Development of an Intake Valve Deposit Test with a GM LE9 2.4L Engine 2021-01-1186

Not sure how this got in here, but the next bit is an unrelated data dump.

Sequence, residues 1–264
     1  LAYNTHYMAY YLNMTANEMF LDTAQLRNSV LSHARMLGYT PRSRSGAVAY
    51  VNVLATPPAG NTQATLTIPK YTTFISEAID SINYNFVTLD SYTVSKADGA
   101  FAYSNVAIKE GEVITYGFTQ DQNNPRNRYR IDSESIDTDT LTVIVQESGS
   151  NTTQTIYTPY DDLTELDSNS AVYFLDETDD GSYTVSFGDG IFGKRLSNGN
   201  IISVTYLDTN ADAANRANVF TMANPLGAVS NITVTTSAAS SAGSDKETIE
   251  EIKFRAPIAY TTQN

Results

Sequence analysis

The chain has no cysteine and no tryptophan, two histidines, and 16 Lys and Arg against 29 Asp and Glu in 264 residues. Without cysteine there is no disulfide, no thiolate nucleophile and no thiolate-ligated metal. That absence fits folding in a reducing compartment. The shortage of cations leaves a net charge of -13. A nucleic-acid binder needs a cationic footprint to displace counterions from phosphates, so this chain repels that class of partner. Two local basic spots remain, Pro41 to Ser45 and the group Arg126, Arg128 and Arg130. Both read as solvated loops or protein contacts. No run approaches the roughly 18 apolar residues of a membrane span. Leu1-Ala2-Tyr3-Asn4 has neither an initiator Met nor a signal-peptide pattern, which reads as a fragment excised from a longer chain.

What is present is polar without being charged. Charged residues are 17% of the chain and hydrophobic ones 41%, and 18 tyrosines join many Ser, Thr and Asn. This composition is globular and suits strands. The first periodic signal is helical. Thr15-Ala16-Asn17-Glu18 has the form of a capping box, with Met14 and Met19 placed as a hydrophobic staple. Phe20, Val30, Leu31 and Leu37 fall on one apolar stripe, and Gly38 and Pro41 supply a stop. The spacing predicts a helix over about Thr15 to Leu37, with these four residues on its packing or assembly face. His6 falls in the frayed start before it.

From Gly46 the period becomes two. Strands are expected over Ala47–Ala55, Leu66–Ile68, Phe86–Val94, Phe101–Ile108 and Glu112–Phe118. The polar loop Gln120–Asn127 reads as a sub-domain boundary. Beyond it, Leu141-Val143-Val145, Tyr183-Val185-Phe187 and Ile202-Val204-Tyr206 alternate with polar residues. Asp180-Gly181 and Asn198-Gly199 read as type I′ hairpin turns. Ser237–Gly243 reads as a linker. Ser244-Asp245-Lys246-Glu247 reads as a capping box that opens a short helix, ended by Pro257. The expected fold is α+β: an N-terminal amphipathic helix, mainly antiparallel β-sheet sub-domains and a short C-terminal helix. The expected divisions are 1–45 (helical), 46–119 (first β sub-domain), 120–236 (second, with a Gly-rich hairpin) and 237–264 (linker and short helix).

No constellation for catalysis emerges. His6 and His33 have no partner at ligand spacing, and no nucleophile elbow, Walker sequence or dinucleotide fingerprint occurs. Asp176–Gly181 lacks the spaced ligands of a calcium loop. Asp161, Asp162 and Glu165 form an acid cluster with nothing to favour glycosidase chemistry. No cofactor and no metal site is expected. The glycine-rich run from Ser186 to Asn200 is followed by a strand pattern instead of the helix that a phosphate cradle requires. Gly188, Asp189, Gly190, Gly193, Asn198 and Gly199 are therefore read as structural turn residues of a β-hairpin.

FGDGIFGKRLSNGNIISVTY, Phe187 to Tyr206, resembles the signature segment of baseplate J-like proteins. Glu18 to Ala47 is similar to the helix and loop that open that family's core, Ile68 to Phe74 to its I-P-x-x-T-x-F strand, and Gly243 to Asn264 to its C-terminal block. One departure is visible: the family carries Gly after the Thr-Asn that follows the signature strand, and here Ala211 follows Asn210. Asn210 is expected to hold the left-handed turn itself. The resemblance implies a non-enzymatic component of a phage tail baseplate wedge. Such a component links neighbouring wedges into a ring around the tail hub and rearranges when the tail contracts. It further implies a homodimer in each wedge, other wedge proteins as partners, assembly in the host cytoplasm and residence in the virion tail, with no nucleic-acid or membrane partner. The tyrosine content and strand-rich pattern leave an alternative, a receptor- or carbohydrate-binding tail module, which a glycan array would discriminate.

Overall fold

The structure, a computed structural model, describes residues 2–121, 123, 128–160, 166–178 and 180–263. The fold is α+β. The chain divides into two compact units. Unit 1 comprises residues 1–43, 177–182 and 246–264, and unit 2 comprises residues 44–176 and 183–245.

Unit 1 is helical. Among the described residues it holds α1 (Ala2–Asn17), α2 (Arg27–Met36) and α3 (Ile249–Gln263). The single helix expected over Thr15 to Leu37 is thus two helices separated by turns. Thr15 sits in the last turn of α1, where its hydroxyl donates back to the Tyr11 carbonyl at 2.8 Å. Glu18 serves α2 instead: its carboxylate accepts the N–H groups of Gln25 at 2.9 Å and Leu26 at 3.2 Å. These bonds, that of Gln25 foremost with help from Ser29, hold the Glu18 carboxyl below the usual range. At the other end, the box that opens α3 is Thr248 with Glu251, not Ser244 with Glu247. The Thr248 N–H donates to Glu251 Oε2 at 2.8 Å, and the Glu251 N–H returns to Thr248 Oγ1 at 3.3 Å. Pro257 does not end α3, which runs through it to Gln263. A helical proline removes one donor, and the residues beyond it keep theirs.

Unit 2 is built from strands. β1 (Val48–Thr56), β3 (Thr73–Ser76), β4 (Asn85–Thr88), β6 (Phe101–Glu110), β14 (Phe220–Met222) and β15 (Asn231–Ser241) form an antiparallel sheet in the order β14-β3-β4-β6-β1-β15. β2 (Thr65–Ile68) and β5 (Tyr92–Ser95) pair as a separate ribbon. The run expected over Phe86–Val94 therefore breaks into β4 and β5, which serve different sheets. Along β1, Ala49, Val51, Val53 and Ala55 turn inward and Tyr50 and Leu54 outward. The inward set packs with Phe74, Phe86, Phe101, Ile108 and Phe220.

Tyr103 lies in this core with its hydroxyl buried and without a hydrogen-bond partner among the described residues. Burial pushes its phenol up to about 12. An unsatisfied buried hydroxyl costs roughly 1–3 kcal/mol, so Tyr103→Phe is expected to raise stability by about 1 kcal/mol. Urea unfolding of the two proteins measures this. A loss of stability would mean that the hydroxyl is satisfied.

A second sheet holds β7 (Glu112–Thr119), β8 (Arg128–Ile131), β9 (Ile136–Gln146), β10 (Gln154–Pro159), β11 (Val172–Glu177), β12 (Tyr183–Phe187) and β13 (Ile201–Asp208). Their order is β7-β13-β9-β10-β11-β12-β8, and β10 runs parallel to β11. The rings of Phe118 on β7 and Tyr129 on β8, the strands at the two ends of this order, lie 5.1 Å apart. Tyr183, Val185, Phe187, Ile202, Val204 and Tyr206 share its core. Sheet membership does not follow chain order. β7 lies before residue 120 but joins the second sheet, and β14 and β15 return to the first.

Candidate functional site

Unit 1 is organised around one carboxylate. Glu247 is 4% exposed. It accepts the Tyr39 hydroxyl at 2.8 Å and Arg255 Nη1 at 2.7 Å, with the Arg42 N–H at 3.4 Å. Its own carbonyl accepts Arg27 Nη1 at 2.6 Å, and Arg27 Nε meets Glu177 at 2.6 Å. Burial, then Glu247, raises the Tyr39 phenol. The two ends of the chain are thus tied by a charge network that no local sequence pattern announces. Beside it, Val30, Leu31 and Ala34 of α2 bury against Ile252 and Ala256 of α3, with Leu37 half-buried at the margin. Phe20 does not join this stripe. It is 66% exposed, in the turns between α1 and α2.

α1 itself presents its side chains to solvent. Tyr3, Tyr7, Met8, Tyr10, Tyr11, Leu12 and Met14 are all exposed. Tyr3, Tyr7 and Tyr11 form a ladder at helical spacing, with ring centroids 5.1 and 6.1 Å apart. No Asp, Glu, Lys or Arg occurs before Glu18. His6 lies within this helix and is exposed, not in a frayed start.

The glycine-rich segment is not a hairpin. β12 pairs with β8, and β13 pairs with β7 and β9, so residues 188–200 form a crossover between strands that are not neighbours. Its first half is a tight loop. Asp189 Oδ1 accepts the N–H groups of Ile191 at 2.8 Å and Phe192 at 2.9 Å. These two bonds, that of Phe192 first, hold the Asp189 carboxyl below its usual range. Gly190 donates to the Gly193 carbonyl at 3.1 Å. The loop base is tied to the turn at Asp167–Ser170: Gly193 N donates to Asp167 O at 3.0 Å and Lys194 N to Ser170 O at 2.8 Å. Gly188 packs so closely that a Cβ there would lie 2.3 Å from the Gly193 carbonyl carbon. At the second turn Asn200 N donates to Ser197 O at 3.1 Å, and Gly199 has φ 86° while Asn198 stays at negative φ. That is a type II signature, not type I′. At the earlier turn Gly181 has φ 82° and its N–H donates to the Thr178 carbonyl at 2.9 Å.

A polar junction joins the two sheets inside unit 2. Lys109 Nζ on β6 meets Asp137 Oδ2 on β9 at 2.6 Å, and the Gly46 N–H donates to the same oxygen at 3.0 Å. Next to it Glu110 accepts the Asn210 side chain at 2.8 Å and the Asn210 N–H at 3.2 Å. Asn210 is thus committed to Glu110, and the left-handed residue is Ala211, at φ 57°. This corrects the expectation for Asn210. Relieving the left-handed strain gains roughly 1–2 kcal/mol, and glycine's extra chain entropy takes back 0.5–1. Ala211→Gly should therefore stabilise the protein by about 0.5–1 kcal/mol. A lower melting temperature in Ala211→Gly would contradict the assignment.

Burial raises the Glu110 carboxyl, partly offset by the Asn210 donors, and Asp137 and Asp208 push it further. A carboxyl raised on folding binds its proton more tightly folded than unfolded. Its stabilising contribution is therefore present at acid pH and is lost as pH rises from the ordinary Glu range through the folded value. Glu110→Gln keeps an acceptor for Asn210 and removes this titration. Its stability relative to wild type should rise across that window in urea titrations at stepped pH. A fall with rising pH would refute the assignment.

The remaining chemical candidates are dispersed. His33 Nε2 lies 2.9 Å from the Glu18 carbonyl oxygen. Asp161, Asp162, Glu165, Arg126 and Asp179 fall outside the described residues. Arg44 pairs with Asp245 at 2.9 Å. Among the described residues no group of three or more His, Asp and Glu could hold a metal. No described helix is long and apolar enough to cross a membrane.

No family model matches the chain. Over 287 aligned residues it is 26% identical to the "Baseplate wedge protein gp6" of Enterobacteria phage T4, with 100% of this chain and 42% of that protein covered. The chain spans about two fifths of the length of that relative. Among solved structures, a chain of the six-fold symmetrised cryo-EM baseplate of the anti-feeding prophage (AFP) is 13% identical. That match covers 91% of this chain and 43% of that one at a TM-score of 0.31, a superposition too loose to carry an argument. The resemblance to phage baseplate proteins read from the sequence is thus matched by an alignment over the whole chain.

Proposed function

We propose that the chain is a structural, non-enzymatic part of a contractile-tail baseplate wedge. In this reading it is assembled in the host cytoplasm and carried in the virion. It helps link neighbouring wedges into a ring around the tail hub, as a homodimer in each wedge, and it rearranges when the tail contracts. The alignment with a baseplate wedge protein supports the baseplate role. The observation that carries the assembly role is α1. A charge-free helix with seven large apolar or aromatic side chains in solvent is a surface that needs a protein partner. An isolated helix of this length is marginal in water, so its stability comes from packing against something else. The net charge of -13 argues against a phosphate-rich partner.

The U.S. Environmental Protection Agency (EPA) certifies gasoline deposit control additives for intake valve deposit (IVD) control utilizing ASTM D5500, a vehicle test using a1985 BMW 318i. Concerns with the age of the test fleet, its relevance in the market today, and the availability of replacement parts led the American Chemistry Council’s (ACC) Fuel Additive Task Group (FATG) to begin a program to develop a replacement. General Motors suggested using a 2.4L LE9 test engine mounted on a dynamometer and committed to support the engine until 2030. Southwest Research Institute (SwRI®) was contracted to run the development program in four Phases. In Phase I, the engine test stand was configured, and a test fuel selected. In Phase II, a series of tests were run to identify a cycle that would build an acceptable level of deposits on un-additized fuel. In Phase III, the resultant test cycle was examined for repeatability. In Phases IVa and IVb, two discrimination matrices evaluated the response of additives on IVD levels. The results of Phase IVa indicated the EPA 65thpercentilefuel and test procedure combination did not compare with historical BMW results or replicate additive discrimination. The results of Phase IVb, using a TOP TIER™ certification fuel, showed a representative additive response in the LE9. ACC FATG considers the initial test development complete, but continued evaluation of the fuel, hardware, and test cycle will be required. With continued development in a Coordinating Research Council program, ACC FATG anticipates that the 9 2.4L IVD test can be standardized as an ASTM test method, and used as an alternate or replacement for the ASTM D5500 in both EPA and California Air Resources Board Reformulated Gasoline regulations. This would also position the 2.4L IVD test to become a replacement for the ASTM D6201 IVD test.